According to Geoffery Westerfield of the ODNR, harassing the goslings is very important for limiting the number of resident geese on our lake during the rest of the year. Separating the goslings from their parents even for a short time is an effective form of harassment. Geoffery advises that whenever you can, try to separate goslings from the adult geese by stepping between them shooing the goslings away from the adults by waving your arms and making loud noises (do not make contact). If you harass the goslings and adults together it is less effective and can even be counterproductive. Your goal is to send the message to the adult geese that your property is not a safe place to raise their young and to the goslings that Lake Roaming Rock can be a scary place.
“Don’t stop anywhere short of the geese leaving your property”, says Geoffery. Simply chasing them to the water or the neighbor will not keep the geese off of your property (and is actually also counterproductive). Consistency and persistency is still key. Geese will “shift” around the property, especially those without goslings. Keep up the consistent and persistent harassment.
June 1st is an important date. Geese will begin to molt (i.e. lose their flight feathers) around June 1st. If you don’t harass them off the property by that date, it becomes very difficult to remove them and you will likely be stuck with the geese till mid-July.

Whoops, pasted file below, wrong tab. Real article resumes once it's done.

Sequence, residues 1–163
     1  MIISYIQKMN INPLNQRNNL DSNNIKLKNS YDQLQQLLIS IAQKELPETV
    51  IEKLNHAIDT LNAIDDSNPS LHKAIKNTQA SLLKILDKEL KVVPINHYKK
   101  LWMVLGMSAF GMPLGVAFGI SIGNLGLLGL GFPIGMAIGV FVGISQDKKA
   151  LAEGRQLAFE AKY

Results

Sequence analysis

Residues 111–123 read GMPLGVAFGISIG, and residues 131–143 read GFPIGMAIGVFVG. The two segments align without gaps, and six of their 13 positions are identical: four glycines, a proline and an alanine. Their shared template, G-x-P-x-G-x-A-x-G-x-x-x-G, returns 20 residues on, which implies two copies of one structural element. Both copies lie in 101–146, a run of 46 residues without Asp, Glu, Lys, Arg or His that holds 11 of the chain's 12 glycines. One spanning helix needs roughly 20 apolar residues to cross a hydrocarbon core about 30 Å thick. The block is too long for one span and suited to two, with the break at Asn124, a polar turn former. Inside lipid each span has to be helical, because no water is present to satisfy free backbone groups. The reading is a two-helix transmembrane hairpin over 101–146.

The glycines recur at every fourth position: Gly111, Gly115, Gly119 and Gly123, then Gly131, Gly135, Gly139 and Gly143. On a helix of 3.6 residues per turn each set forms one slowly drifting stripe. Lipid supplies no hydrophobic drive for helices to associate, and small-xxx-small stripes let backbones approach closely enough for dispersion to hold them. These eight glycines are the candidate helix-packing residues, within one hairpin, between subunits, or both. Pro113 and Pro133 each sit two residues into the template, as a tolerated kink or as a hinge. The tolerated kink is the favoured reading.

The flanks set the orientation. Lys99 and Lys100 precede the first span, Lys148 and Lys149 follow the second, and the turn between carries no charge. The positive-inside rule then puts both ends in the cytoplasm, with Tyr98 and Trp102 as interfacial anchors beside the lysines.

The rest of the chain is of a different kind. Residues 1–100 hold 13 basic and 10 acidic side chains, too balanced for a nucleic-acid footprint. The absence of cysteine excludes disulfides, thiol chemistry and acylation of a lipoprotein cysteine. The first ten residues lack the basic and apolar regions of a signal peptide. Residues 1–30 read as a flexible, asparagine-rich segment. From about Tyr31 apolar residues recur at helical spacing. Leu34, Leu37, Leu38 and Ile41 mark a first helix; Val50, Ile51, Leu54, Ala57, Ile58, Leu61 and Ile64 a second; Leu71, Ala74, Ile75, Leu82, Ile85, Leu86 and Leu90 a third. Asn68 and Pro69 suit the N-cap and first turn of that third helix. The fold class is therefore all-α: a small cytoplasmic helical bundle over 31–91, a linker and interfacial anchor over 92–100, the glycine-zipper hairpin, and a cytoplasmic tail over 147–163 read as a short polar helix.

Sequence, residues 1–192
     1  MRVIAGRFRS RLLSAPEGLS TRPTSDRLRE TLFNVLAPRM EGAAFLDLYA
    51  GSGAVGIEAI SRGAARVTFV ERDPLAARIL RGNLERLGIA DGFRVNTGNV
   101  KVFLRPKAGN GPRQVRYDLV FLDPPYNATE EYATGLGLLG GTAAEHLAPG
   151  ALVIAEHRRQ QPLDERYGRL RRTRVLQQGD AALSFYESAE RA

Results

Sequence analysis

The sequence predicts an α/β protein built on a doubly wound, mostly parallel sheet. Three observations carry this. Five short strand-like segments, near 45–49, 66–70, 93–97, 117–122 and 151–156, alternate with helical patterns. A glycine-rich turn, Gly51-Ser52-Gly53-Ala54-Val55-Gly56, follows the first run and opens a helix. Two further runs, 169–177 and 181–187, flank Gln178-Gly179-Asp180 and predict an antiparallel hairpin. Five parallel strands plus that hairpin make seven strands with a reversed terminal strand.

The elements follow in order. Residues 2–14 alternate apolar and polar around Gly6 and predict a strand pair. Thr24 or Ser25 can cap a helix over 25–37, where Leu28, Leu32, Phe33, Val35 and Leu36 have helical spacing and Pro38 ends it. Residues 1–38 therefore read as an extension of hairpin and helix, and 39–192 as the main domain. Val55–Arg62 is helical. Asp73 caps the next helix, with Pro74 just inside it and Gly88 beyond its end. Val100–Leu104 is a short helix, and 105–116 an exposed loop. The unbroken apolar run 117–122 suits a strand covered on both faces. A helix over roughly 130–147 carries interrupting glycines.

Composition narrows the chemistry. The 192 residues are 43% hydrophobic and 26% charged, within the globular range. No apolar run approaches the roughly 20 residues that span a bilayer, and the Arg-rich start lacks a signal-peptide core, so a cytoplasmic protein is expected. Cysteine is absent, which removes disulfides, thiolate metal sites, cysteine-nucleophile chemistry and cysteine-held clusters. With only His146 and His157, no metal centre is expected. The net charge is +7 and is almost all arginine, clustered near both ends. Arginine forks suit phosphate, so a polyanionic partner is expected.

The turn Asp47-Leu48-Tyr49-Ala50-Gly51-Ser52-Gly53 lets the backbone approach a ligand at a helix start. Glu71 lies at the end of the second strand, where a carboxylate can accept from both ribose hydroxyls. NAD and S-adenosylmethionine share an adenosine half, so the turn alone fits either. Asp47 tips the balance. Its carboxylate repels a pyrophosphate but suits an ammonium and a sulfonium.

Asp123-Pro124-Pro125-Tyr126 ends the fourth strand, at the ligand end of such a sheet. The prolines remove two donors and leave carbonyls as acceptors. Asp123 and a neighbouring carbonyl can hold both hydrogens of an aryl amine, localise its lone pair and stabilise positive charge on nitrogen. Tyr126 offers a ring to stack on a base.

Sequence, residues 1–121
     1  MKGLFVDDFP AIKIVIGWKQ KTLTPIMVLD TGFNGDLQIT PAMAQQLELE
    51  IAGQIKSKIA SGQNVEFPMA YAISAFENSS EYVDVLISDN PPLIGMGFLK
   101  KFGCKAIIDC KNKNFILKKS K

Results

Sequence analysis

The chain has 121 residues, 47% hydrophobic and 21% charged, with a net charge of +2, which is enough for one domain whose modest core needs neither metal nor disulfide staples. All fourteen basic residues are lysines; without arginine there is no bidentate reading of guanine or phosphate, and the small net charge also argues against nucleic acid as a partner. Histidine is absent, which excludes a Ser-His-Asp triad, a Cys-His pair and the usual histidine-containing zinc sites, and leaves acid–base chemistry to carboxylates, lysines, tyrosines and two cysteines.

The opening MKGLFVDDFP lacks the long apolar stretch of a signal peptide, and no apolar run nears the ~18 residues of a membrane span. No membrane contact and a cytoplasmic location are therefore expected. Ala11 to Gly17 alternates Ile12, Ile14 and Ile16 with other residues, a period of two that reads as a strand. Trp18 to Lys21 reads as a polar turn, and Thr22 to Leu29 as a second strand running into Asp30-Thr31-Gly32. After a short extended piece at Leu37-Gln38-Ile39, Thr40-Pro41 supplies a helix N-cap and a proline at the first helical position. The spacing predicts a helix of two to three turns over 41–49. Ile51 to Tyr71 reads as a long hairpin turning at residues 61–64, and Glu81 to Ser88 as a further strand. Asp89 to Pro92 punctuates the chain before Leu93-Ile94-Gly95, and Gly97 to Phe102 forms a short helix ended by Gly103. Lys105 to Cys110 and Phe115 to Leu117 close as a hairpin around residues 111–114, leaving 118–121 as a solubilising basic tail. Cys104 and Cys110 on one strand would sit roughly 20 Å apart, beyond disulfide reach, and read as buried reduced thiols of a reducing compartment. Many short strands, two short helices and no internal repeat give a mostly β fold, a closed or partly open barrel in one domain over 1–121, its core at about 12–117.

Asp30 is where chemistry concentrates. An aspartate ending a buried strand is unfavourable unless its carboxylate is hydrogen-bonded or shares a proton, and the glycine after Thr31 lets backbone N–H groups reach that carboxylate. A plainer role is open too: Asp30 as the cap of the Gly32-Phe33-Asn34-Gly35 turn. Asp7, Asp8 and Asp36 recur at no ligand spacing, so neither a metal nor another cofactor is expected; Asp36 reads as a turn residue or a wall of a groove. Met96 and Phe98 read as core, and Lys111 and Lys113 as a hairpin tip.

Geese excrement is a contributor to the E. coli levels in our lake. In addition, it provides excess nutrients that feed the algae and weeds. We love our geese, but a few less wouldn’t hurt either. Thanks for being lake responsible!
You have heard many statements linking manure from farm animals, and manure spread on agricultural fields to increasing phosphorous in our lakes and streams. But are you aware that waste from our pets can also be a source for nutrients as well as disease-causing bacteria and parasites that can get into our lake? In some articles, dog waste is cited as the third or fourth largest contributor of bacterial contamination in urban watersheds. Some estimates have an average dog generating a half to three-quarters of a pound of waste per day, or 270 pounds per year. Studies also indicate that 60% (or less) of pet owners pick up their pet’s waste. The EPA has indicated that 2-3 days of waste from just 100 dogs could generate enough pollution (nitrogen, phosphorous and bacteria such as E. Coli) to close a beach, and can affect the watershed for 20 miles.
In researching this article, I found some other interesting facts. Unlike manure from cows, who eat a grass-based diet, dogs are fed a protein-based diet, which results in a highly acidic waste that will kill the grass if not picked up. It is also estimated that dog waste can take up to one year to completely breakdown. The natural ecosystem can only process and absorb the waste from two average dogs per square mile. If the ecosystem cannot absorb the waste fast enough, the bacteria and nutrients will be carried by rain into the watershed, and ultimately any body of water nearby (like our lake).